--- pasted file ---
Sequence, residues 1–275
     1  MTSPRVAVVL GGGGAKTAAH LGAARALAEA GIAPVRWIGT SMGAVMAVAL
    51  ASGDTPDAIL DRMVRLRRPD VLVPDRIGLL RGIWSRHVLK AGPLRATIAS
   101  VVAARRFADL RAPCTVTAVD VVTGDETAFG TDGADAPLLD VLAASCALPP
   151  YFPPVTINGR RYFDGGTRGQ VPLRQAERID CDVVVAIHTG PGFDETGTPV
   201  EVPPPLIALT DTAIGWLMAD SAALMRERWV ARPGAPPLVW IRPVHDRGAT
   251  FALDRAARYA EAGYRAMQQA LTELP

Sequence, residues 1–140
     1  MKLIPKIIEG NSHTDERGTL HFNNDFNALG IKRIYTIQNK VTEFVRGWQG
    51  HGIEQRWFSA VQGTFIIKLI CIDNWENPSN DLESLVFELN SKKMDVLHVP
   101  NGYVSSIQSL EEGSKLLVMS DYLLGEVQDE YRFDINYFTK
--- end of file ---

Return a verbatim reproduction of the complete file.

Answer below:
Sequence, residues 1–275
     1  MTSPRVAVVL GGGGAKTAAH LGAARALAEA GIAPVRWIGT SMGAVMAVAL
    51  ASGDTPDAIL DRMVRLRRPD VLVPDRIGLL RGIWSRHVLK AGPLRATIAS
   101  VVAARRFADL RAPCTVTAVD VVTGDETAFG TDGADAPLLD VLAASCALPP
   151  YFPPVTINGR RYFDGGTRGQ VPLRQAERID CDVVVAIHTG PGFDETGTPV
   201  EVPPPLIALT DTAIGWLMAD SAALMRERWV ARPGAPPLVW IRPVHDRGAT
   251  FALDRAARYA EAGYRAMQQA LTELP

Sequence, residues 1–140
     1  MKLIPKIIEG NSHTDERGTL HFNNDFNALG IKRIYTIQNK VTEFVRGWQG
    51  HGIEQRWFSA VQGTFIIKLI CIDNWENPSN DLESLVFELN SKKMDVLHVP
   101  NGYVSSIQSL EEGSKLLVMS DYLLGEVQDE YRFDINYFTK